Wednesday, July 30, 2008

San Diego...

I did a quick, uneventful trip to San Diego on Monday and Tuesday. There is nothing remotely interesting about my good ol' Doubletree...which is why the window shot is relegated to the end of the post :)

I did have some free time in the evening to talk a much-needed walk along the beach. There were a few too many clouds for my taste...but a nice break nonetheless. The beach was a lot more crowded, but mostly families on summer vacation. Still, the surf was tempting, and there was a healthy sprinking of surfers.

I only wish my trip home was unstressful...but United kept up its fine record of the big DEEEEELAY. I mean, come on. If I was only on time 2/3 of the time in my job, my customers would bail on me. I don't understand how you can run an industry with such a low standard of service.

Tuesday, July 29, 2008

This car's a rockin'...

I won't likely be writing whimsical blog entries when the Big One hits, but today's LA-centered earthquake was (thankfully) safely small enough. Still, I had the fortune of feeling the earthquake from my rental car in San Diego. I was parked and on the phone, when the car started to wobble, as if someone was hiding and pushing down on my bumper. Of course, in this case, all of the cars around me were wobbling as well. Sure shows the distance that waves from a 5.4 quake can travel...which does make me pause and think ahead to the Big One.

Funny, Jeff and I were just talking about our earthquake kit this weekend. Better get on that :)

Sunday, July 27, 2008

Photos from 6...

On day 6, our Italian adventure moved by train from Venice to Florence. Two amazing cities...but the transition is striking, considering these cities are only a few hours apart.

The streets were wet after light overnight rain, but the clouds were breaking. Packed quickly. One last breakfast in the hotel. One final walk to S.Maria Della Salute.

A pleasant walk to the train station via Campo S.Margarita. Passed produce-laden boats and carts with fresh seafood. Naturally, the sun came out to warm...downright sweaty as we reached the station.

Boarded the 10:43 Eurostar train bound for Florence. Binaro 3. Carrozza 6. Posti 55/56. Waved Arrivederci to Venice as the train slipped across the lagoon.

In Mestre, a mother and child boarded and sat next to us for the duration of our trip. I'd say it took us about 5-minutes to name this hyperactive child...Luigi il Menace...or Devil choose.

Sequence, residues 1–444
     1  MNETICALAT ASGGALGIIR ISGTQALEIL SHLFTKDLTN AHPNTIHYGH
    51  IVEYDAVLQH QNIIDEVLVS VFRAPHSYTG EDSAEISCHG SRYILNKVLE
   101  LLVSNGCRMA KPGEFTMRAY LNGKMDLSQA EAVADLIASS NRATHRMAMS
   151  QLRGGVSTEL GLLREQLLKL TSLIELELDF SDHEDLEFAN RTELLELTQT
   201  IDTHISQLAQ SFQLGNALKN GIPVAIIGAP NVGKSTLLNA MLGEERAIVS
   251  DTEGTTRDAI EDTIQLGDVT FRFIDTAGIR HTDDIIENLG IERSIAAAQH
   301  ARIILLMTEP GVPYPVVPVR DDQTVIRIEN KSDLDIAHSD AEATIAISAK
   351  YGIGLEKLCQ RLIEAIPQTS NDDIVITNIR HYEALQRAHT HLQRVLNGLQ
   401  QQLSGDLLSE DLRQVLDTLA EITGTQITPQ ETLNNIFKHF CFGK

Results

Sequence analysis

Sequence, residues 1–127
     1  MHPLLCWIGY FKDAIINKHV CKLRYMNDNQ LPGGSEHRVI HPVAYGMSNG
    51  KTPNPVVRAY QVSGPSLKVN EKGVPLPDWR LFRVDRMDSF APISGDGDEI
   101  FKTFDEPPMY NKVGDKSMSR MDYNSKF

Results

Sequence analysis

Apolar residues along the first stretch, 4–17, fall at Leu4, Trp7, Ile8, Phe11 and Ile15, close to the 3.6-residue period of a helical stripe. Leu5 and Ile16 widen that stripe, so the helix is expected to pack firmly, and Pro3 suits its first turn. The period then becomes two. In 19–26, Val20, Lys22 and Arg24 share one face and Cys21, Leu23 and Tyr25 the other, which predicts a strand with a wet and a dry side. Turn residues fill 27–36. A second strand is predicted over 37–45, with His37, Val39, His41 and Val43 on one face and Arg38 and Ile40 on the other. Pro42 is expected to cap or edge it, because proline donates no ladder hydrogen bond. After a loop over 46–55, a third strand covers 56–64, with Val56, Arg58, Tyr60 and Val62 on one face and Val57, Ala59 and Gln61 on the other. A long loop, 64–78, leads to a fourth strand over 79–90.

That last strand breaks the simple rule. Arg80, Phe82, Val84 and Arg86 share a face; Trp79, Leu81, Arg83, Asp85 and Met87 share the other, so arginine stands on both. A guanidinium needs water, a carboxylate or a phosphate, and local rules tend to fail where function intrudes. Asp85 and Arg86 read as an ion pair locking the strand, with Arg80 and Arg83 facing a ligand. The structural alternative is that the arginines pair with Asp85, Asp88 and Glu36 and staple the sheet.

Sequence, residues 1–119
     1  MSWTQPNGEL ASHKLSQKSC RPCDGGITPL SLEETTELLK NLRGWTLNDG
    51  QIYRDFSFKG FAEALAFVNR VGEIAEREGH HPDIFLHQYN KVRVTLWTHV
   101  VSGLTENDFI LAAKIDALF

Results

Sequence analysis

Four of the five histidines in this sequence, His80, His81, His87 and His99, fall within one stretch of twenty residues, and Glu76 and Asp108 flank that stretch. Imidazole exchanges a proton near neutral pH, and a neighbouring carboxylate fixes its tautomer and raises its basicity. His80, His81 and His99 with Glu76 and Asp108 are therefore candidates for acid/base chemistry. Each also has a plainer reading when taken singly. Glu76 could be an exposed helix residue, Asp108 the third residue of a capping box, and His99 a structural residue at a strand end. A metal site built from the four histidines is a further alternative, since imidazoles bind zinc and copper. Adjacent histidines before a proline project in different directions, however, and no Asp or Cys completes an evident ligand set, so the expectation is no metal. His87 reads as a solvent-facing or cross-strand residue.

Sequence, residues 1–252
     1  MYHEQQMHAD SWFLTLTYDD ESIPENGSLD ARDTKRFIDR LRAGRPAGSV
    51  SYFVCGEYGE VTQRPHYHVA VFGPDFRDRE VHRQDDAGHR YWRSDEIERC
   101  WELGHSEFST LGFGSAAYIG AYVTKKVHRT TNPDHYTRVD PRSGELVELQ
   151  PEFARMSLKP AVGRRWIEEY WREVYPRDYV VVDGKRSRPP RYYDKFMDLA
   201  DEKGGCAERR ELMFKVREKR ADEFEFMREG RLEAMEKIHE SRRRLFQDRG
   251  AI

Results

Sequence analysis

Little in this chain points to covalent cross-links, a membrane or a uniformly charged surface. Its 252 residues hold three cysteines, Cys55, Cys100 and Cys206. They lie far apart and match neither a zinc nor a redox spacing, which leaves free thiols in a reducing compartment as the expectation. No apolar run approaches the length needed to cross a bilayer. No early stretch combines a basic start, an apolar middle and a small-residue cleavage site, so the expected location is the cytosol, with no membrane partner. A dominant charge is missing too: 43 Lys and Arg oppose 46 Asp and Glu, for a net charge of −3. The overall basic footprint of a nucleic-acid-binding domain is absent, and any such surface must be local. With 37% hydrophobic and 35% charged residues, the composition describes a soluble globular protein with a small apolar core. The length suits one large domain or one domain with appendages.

Bright red poppies lined the tracks as we passed through Padua. Puffy clouds and filtered sun set off brilliant green fields of grapevines. Lush valleys between Bologna and scenes divided by blacked-out tunnels. Hillside groves of olive trees. Secluded towns with signature church towers.

Arrived into Firenze Santa Maria Novella. A short 15-minute walk to our B&B via the sunny Piazza del Duomo.

We're staying at our old favorite B&B...the Dei Mori...and its downstairs neighbor, the Badia Guest House where our room is actually located. The Dei Mori hostess, Suzzanne, is the quintessential B&B greeter. She is an American married to an Italian, and takes great pride in her adopted home. She oriented us to new or lesser known highlights, since we have been to Florence before. She also pointed us to four of her favorite local restaurants.

Grabbed a quick pair of wonderful, warmed sandwiches at nearby Cucciolo Pasticceria. Took a long re-orientation walk past a few of our favorites...Piazza della Signoria and the Uffiza Gallery. Walked along the Arno River to grab some warm afternoon sun photo of the Ponte Vecchio. Had a quick gelato stop at an amazing artisan spot, Gelateria Santa Trinita...Jeff declared this his favorite gelato in Italy! Passed the Pitti Palace. Turned around at the Porta Romana and the edge of the old city. Returned via the Ponte Vecchio...sadly where locks have apparently been banned since none were insight.

Ventured into the Baptistry of San Giovanni...the jewel box in front of the Duomo. The golden mosaic ceiling was breathtaking.

Dinner at one of Suzzane's recommendations: Trattoria Baldovino, behing the Basilica di Santa Croce. The food was wonderful, creative Tuscan flavors. The colorful bruschetta. Jeff's amazing tortallacci di patate--oversized tortallinis with a hearty meat sauce--and his petto di pollo--juicy chicken witha rich sauce of tomato and olive. My filetto di manzo all' aceto--a marbled beef fillet in a dark, sweet basalmic reduction. Etc. Etc. All the dishes were mouth-watering. (Did I mention our dessert? Crostata con creme arance.)